In the last five years only a handful of people have been awarded compensation as a result of having their conviction quashed and not a single person was successful last year. A new report by the law reform group JUSTICE published this week reveals how the Coalition government effectively closed off compensation for the wrongly convicted with only five successful applications since 2013/14.
Over the last 20 years there has been an average of 21 quashed convictions a year and in the last five years almost 200 victims of wrongful convictions have applied to the Ministry of Justice for compensation. However, the number of successful compensation claims has ‘plummeted’, JUSTICE reports.
In 2014/15, there were 45 applications, 20 quashed convictions and one successful compensation application; in 2015/2016, there were 17 convictions quashed and two successful applications; and in 2016/2017 there were 10 quashed convictions and one successful applicant. Last year, there were 27 applications but not a penny was paid out. By contrast in 2004/05, there were 88 applications and 48 were successful.
In its new report, JUSTICE is calling for ‘automatic compensation’ for wrongful imprisonment; better transition from prison to release; specialist psychiatric care and a residential centre; as well as an apology. North of the border, the Miscarriage of Justice Organisation (MOJO), set up by Paddy Hill of the Birmingham Six, has been calling for similar support through its ‘Say I’m Innocent’ campaign (see here).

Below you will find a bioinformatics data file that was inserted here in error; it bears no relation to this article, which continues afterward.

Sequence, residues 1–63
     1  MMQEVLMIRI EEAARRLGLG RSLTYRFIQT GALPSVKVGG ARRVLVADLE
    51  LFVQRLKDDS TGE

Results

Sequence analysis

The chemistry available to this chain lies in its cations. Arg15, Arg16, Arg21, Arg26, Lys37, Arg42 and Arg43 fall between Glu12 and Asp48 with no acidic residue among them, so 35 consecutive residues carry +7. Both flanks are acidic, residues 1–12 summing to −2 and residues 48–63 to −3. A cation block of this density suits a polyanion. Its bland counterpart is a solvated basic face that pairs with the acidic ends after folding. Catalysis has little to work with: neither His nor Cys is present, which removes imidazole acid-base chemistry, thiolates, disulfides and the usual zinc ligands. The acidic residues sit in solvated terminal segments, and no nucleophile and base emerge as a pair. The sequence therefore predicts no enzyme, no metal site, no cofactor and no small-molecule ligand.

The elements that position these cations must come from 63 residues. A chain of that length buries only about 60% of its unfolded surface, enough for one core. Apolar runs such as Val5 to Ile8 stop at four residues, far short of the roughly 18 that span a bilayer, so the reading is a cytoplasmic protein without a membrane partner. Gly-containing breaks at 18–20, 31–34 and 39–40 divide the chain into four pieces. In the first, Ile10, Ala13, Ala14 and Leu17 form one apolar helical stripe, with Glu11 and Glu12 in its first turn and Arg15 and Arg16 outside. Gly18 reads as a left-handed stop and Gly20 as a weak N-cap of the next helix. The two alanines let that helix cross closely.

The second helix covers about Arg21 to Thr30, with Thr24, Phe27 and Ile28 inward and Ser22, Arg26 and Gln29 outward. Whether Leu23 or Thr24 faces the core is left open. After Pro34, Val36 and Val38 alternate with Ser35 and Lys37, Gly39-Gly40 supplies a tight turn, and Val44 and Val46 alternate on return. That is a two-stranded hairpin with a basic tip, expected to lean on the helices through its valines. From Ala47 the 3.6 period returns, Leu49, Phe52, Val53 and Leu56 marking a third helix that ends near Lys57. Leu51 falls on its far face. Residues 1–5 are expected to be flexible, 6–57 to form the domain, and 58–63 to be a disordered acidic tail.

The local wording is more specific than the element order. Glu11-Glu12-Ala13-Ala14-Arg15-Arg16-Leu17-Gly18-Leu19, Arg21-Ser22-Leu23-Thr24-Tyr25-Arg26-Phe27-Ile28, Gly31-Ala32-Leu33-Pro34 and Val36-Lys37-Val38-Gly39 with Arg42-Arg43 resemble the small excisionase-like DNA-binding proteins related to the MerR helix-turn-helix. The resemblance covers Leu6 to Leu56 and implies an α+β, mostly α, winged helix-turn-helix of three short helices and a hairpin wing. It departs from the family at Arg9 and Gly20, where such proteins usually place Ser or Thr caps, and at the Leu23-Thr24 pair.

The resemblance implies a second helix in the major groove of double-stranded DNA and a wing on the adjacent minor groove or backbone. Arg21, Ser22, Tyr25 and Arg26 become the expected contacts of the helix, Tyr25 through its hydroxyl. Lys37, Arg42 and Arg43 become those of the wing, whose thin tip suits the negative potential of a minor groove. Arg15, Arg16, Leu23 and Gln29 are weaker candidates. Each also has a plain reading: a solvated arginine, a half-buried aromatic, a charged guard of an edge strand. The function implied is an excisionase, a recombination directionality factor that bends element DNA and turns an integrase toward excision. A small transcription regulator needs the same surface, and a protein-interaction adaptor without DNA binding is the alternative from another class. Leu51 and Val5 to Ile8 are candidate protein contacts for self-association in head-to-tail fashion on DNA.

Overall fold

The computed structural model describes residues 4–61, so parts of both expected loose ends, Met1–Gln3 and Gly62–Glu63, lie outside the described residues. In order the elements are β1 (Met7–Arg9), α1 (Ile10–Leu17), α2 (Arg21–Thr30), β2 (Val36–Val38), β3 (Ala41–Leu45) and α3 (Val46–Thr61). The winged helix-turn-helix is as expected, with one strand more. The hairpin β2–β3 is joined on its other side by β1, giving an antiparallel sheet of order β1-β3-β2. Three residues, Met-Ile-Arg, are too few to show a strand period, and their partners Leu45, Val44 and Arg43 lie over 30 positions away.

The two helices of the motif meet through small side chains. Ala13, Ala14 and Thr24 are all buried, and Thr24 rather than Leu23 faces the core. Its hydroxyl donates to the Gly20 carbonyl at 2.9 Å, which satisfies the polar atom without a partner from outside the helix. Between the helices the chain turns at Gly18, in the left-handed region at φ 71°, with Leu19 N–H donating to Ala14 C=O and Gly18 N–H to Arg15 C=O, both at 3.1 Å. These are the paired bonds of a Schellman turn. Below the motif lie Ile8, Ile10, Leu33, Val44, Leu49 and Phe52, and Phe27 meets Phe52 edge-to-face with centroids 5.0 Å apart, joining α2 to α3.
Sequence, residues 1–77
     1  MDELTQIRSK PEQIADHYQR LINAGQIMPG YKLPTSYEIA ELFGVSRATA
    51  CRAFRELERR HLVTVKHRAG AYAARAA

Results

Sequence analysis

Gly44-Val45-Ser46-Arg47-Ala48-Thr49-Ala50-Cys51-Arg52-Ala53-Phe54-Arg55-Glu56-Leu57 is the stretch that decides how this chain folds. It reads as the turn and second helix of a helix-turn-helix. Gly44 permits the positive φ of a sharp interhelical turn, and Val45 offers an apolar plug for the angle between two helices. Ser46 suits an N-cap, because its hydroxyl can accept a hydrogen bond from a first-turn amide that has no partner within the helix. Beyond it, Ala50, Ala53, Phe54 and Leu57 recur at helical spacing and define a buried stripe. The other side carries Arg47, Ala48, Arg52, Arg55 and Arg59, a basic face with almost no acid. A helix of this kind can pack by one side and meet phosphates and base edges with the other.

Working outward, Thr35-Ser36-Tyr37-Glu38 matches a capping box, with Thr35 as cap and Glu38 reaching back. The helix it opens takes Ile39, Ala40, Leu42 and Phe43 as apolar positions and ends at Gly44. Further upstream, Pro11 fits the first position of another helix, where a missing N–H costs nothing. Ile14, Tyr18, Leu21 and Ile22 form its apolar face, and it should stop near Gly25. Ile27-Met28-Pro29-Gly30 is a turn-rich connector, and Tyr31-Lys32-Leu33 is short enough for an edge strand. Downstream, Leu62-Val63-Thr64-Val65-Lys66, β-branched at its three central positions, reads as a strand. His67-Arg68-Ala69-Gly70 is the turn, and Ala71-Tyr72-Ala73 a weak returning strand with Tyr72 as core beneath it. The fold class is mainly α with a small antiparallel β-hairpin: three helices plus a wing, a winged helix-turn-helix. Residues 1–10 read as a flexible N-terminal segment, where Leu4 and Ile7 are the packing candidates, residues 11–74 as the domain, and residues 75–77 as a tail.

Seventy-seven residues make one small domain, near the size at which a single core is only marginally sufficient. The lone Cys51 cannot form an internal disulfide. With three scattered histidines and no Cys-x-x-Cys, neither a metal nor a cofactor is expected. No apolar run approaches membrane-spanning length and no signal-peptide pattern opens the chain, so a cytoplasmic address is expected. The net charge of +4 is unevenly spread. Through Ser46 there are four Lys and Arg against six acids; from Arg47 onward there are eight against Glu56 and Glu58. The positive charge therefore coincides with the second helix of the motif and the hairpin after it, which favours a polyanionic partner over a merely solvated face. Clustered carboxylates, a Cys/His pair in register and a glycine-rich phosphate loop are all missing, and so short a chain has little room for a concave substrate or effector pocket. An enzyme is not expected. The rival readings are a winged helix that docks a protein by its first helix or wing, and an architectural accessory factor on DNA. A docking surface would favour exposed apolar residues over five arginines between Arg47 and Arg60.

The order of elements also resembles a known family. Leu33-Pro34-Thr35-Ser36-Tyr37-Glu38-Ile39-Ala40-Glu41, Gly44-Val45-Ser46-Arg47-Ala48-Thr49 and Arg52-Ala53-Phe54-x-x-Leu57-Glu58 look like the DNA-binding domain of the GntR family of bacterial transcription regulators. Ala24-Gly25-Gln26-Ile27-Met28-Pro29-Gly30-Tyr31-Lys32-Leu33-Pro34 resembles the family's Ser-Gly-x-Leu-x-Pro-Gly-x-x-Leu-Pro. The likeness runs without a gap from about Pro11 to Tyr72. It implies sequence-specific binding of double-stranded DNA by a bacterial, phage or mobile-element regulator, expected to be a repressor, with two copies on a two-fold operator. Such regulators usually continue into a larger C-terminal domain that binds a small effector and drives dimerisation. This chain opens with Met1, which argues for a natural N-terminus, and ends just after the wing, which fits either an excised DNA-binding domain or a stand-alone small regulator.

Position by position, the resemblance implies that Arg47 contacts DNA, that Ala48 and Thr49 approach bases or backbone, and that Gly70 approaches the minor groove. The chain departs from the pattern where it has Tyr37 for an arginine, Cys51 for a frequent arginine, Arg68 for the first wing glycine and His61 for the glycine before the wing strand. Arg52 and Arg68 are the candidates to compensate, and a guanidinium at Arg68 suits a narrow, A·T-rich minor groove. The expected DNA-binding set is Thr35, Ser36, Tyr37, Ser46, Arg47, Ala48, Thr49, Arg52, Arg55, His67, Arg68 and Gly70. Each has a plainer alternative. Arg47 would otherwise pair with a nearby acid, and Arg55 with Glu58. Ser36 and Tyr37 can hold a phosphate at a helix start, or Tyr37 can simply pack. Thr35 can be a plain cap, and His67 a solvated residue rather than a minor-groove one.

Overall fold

It has been 36 years since JUSTICE last published a report on the post-conviction treatment of the wrongly convicted. ‘Unfortunately, little has changed since then,’ the group said. ‘Exonerees still not do receive the support they need to return to a normal life and are not properly compensated.’ As the group makes clear, a bad situation has become worse. In 2006, the Labour government axed an ex gratia scheme to compensate the victims of miscarriages of justice. It was costing over £2 million a year to run and benefited about ten applicants a year and 20 in 2000.
That just left a statutory scheme under the Criminal Justice Act 1988, Section 133. The Coalition government’s Anti-Social Behaviour, Crime and Policing Act 2014 amended section 133 so that compensation payouts were restricted to those few people who could demonstrate their innocence ‘beyond reasonable doubt’. The move was described as ‘an affront to our system of law’, said Baroness Helena Kennedy in a debate as the legislation was going through the House of Lords
‘An absolute scandal’
Sam Hallam was just 17 years old when he was sent to prison for a gang-related murder he had always denied any involvement in. He spent seven years in prison before his conviction was overturned. Hallam was at the launch of the JUSTICE report earlier this week and attended this week’s Vigil for Justice (see picture). He has been refused compensation and next month (May 8) the Supreme Court will consider his case alongside the case of Victor Nealon.
Henry Blaxland QC, who acted for Hallam, called the lack of compensation available to the wrongly convicted ‘an absolute scandal’. He made the case for the reinstatement of the ex gratia scheme ‘abolished by [Home Secretary] Charles Clarke arbitrarily and without any prior announcement’. ‘It wasn’t perfect but at least it gave the Home Office the ability to intervene where the statutory criteria didn’t apply,’ the QC said. Scrapping the ex gratia scheme just left the statutory section 133 scheme which, he pointed out, was ‘only ever meant to be a safety net.’ You can read the history of this on the Justice Gap here.